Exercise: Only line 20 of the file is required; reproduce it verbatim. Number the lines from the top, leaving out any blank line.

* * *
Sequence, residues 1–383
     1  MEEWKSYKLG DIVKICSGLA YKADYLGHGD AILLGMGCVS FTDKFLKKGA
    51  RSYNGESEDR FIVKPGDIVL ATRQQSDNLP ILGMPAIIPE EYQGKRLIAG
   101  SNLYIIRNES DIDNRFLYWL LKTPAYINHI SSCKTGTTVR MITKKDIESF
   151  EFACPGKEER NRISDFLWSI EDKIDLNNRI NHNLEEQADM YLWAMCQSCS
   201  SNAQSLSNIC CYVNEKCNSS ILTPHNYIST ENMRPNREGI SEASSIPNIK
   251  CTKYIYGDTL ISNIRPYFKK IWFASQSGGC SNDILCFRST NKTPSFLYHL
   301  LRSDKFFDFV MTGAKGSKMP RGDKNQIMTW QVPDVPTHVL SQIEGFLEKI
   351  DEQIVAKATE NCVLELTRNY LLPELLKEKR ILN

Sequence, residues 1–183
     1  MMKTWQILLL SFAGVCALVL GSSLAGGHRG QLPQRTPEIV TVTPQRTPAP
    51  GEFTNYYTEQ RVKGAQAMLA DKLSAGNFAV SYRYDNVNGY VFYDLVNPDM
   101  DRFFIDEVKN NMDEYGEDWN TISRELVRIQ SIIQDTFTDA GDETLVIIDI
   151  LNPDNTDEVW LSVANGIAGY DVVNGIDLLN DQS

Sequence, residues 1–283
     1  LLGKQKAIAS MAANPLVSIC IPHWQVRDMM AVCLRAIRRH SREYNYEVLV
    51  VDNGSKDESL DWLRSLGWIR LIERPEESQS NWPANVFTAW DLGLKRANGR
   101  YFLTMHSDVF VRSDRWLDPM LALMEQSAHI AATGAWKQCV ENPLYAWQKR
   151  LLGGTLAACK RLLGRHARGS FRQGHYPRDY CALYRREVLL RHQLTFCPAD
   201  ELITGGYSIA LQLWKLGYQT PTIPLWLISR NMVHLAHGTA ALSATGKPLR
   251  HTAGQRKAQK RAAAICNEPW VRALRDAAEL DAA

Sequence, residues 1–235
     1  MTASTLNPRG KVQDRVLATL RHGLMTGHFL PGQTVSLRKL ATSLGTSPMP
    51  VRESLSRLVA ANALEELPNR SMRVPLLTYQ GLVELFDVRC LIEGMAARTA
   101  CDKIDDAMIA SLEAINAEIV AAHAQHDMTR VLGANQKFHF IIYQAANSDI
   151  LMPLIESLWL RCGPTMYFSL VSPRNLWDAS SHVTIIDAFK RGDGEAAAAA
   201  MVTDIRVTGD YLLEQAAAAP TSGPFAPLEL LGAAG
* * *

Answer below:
   201  ELITGGYSIA LQLWKLGYQT PTIPLWLISR NMVHLAHGTA ALSATGKPLR